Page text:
S. Mitra, K. Utsav
In-vehicle headway feedback system is effective in assisting drivers in fog compared to Changeable Message Sign (CMS). In designing such feedback, it is essential to build an understanding about parameters such as safe speeds and headways in various visibility conditions, since the most critical determinant ‘timing of in-vehicle warning’ is dependent on them. Using empirical data from a fog advisory system, this study extracted data on fog driving, containing records such as time of arrivals and departures, speeds, headways and vehicle lengths and showed that a very high percentage of drivers in reduced visibility are actually in car following mode and potentially at risk of being involved in rear-end crashes. The severities of such crashes depend on the relative speeds of the leader-follower and their separation. Expressions of dynamic Potential Collision Speeds (PCS) are derived for various driving conditions based on whether the lead vehicle is stopped, decelerating or moving at a constant speed. This dynamic PCS is checked against the possible injury severity of the potential impact to issue in-vehicle Cautionary Crash Warning (CCW) or Imminent Crash Warning (ICW). A speed of 15 ft/sec has been proposed as a threshold between CCW and ICW.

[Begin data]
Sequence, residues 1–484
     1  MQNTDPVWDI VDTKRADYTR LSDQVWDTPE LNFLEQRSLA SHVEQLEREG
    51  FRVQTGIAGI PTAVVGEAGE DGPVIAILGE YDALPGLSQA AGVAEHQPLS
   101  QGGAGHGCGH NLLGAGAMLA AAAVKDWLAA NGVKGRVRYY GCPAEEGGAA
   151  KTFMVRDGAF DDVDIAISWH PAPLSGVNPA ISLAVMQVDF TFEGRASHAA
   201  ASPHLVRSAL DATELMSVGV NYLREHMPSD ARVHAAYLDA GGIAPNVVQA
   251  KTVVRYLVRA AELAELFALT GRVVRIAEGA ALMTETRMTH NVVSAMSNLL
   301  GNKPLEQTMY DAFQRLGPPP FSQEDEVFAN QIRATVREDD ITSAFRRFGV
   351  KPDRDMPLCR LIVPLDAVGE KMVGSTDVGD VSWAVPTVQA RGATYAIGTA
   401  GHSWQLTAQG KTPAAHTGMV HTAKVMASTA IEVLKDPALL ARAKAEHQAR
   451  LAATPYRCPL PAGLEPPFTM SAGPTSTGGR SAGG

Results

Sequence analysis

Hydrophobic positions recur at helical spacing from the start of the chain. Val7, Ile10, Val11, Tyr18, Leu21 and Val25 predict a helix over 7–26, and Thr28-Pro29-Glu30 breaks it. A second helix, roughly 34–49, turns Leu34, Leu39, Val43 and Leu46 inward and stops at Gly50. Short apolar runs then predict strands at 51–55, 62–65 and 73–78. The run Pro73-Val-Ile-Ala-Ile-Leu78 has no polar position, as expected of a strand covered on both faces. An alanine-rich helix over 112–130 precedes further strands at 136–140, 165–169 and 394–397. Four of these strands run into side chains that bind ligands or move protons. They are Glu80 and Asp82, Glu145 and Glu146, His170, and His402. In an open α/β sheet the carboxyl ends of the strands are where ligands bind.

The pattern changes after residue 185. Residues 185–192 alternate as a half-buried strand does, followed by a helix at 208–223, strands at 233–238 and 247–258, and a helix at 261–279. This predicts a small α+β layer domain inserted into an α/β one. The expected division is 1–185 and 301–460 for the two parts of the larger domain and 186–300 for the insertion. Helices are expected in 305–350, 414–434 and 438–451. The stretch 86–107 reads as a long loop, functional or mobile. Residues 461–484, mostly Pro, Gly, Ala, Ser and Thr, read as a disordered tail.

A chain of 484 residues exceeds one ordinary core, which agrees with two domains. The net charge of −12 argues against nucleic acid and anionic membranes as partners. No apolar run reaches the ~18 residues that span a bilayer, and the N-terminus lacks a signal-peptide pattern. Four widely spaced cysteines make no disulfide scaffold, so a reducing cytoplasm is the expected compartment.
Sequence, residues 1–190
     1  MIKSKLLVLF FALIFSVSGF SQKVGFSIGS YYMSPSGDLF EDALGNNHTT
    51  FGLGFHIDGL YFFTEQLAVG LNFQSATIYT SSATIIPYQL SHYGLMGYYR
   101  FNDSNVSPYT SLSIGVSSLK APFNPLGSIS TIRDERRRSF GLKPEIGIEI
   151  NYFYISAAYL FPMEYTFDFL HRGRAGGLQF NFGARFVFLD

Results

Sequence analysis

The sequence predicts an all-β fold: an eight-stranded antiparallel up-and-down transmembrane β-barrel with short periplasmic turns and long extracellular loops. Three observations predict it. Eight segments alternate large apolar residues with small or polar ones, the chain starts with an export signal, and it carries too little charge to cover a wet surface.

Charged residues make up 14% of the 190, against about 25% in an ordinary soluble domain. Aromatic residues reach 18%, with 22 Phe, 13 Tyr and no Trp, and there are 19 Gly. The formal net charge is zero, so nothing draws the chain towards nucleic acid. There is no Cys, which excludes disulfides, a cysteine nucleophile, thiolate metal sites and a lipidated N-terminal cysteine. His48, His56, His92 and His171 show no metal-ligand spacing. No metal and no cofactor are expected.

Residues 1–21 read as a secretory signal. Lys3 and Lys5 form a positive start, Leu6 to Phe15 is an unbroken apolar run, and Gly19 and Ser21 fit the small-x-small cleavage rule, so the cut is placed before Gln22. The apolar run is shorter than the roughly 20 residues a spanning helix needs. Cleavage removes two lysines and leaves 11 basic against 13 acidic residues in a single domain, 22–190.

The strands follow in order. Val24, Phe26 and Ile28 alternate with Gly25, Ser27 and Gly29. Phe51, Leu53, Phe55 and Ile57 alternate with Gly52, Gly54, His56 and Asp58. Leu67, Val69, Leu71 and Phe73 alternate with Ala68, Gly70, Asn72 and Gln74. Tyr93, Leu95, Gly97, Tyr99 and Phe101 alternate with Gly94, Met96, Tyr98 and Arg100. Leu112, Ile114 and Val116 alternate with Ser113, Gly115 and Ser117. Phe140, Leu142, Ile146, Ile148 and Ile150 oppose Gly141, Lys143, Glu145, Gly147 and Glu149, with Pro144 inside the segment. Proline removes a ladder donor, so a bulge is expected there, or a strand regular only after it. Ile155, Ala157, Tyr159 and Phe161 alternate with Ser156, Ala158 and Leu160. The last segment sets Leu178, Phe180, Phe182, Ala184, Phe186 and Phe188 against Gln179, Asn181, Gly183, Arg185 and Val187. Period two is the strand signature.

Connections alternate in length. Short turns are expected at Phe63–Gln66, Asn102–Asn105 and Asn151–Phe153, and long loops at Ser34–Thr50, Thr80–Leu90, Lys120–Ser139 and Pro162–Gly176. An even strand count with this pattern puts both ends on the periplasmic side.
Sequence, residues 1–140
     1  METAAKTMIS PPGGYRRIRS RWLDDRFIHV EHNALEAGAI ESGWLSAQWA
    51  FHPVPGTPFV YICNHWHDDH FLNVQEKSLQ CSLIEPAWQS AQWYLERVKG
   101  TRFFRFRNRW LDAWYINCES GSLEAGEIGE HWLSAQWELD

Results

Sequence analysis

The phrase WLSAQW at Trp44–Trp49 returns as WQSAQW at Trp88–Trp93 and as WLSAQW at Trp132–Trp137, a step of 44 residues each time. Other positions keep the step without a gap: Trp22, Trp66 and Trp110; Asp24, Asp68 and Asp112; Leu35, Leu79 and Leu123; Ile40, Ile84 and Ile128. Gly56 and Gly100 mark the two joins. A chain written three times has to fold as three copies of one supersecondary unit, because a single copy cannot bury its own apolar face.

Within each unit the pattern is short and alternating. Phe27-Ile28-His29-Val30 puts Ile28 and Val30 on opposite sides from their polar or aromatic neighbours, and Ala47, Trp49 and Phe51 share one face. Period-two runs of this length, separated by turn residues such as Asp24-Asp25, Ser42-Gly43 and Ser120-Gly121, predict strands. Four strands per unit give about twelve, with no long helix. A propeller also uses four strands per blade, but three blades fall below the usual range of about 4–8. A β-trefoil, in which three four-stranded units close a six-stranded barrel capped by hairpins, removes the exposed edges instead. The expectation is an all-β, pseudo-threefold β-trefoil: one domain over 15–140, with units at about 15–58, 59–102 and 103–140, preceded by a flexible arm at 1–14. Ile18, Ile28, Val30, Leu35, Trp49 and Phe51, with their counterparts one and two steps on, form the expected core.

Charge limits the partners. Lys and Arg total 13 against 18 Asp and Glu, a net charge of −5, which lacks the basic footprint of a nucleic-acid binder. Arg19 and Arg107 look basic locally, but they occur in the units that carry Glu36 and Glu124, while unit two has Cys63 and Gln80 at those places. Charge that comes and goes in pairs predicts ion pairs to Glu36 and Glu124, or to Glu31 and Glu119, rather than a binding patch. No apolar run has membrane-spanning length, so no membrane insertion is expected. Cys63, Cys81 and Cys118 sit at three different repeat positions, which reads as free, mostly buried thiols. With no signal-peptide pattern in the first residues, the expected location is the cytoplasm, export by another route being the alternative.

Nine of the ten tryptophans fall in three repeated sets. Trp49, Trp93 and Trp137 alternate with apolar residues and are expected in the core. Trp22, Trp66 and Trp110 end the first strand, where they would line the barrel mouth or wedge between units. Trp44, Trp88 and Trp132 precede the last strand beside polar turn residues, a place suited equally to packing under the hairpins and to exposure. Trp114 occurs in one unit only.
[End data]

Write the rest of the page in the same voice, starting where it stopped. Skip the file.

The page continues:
Keywords: in-vehicle warning; reduced visibility; fog; car-following crash; TTC; PCS